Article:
He stops and runs a hand through his hair, a sure sign of his nervousness, before continuing. Lien says nothing because she wants to hear everything he has to say.

“You piqued my interest,” Lukas confesses. “I wanted to get to know you better, but you always ran, or I was- well, kind of afraid. I memorized every word you wrote in your letter, probably out of desperation, now that I think about it, trying to figure out who you were and what you were like without actually talking to you.” Somehow, he never runs out of words to say whenever he was with Lien, and now is one of those times when Lukas lets his guard down and lets his feelings pour out through his words.

“Then came Valentine’s Day. I never got chocolates and never thought I would ever receive any, but you came. You came and just shoved the box into my hands, but that time, you stayed and asked me to try one. You know what, I never did figure out if you did that on another dare or on your own free will.”

The image on the ground shifts to the picture of Lukas eating one of Lien’s homemade chocolates. In the picture, there was just the two of them, alone in an empty classroom, Lukas in the process of biting off just the corner of one piece, the other chocolates still in the box left beside him. The Lien in the photo- no, illusion watched him, and only someone who knew Lien as well as Lukas did would see the anticipation, the excitement, and the hint of anxiety hidden in those amber eyes. He didn’t see it back then, but now, as Lukas looks back on the image, he sees it. Lien tries to suppress the growing heat on her cheeks and she is reminded of that moment, something she remembers all too clearly.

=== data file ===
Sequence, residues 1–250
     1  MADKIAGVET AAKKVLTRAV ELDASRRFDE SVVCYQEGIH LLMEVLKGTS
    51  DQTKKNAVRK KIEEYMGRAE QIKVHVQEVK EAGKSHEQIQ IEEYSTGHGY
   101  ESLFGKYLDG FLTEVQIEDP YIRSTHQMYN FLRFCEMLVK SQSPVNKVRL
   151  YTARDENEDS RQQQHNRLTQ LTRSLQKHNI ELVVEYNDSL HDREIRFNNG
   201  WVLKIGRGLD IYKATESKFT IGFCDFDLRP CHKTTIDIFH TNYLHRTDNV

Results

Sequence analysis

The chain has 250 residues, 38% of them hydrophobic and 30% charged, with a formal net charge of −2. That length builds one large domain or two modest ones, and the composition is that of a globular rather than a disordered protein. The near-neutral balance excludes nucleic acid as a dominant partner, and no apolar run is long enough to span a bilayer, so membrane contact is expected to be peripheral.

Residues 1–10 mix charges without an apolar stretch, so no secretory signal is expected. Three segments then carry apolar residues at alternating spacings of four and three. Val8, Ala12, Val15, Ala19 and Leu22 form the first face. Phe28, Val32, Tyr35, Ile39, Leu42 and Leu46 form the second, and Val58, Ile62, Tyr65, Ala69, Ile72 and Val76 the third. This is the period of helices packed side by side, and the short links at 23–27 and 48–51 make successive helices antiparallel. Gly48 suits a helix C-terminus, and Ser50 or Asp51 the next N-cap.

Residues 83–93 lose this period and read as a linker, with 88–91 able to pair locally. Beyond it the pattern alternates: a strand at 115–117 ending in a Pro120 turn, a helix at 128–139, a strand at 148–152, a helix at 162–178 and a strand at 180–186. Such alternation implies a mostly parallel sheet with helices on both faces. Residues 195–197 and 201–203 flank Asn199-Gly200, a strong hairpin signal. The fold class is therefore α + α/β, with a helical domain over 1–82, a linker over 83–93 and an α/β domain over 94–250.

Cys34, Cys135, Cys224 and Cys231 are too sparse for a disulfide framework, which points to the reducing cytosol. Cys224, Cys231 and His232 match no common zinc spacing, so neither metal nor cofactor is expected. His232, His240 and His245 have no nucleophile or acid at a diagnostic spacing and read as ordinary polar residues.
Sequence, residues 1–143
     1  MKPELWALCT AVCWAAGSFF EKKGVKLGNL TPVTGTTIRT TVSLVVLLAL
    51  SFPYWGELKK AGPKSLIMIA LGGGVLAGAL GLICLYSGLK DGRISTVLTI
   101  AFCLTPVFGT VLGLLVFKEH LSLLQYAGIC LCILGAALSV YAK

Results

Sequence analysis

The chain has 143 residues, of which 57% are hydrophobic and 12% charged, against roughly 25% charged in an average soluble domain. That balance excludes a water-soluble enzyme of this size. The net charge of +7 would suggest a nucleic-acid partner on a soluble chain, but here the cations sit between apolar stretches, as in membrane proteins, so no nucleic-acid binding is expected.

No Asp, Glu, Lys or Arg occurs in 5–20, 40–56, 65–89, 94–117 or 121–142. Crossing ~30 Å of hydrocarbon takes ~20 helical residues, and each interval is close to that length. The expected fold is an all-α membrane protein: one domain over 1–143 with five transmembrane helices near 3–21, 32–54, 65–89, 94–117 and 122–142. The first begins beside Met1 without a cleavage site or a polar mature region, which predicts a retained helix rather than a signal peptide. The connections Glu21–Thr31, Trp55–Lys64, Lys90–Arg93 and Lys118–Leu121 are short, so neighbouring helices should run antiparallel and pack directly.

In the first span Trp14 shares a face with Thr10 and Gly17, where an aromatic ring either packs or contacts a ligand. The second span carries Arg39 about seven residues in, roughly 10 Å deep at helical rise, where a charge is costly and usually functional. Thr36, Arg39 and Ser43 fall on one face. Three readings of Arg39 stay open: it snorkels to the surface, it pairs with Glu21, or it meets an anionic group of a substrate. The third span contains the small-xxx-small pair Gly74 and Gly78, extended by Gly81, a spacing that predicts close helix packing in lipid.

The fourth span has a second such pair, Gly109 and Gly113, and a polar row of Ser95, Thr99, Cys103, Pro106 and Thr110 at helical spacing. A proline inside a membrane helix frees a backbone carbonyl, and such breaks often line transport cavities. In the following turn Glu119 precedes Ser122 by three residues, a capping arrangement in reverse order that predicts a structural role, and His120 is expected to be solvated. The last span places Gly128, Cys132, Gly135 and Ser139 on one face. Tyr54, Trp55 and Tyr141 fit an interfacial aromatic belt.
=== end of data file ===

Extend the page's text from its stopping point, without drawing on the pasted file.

“Those chocolates you made were both sweet and bitter, and I remember, very clearly, that I told you that the chocolates reminded me of you.”

The picture moves, and now the past Lien is shown blushing, attempting to hide that blush, and she avoids eye contact with the Lukas of the past. It is the moment just before that Lukas realizes the weight of the words he has just said, and he stares at the girl, wondering what’s wrong.

“You told me that if I wanted to give you chocolates, I’d have to wait until White Day.” The real Lukas smiles. “So I did.”

As Lien responds, the image changes to the one where Lukas was giving his own handmade chocolate to Lien. “Your chocolate was too sweet,” she remembers. “You Europeans use way too much sugar.”

“I was considering buying chocolate to give to you, but Matthias insisted that it had to be handmade,” Lukas defends. “Store-bought chocolate would have been a lot sweeter.”

The past Lien reflects Lien’s slight dislike of the sweet chocolate Lukas gave her. Both of them know that somewhere of the edge of the picture is a cheering Dane and a sneaky Taiwanese recording the event.

Lukas continues his speech. “After that, we continued to hang out and talk. That was when I really got to know you and we learned how to understand each other. I don’t know about you, but that was when I started realizing that I was falling and had fallen for you, hard. The next step was-”

The picture changes again, this time, there are four people sitting at a table in a cafe: two males on one side of the booth, and two females directly across from them. The Lien and Lukas in the picture watch fondly as the other two, Matthias and Mei, try to steal the other’s drink.

“Our double date, and our first date,” Lien finishes for him.